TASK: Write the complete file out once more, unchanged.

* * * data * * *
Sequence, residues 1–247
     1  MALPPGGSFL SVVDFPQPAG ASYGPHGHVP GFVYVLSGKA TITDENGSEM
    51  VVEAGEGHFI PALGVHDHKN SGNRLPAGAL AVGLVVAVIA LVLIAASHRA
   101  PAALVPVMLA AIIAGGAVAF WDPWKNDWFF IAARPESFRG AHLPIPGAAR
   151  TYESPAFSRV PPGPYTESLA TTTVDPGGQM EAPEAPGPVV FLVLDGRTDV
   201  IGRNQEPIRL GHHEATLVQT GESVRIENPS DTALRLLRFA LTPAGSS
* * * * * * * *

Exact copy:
Sequence, residues 1–247
     1  MALPPGGSFL SVVDFPQPAG ASYGPHGHVP GFVYVLSGKA TITDENGSEM
    51  VVEAGEGHFI PALGVHDHKN SGNRLPAGAL AVGLVVAVIA LVLIAASHRA
   101  PAALVPVMLA AIIAGGAVAF WDPWKNDWFF IAARPESFRG AHLPIPGAAR
   151  TYESPAFSRV PPGPYTESLA TTTVDPGGQM EAPEAPGPVV FLVLDGRTDV
   201  IGRNQEPIRL GHHEATLVQT GESVRIENPS DTALRLLRFA LTPAGSS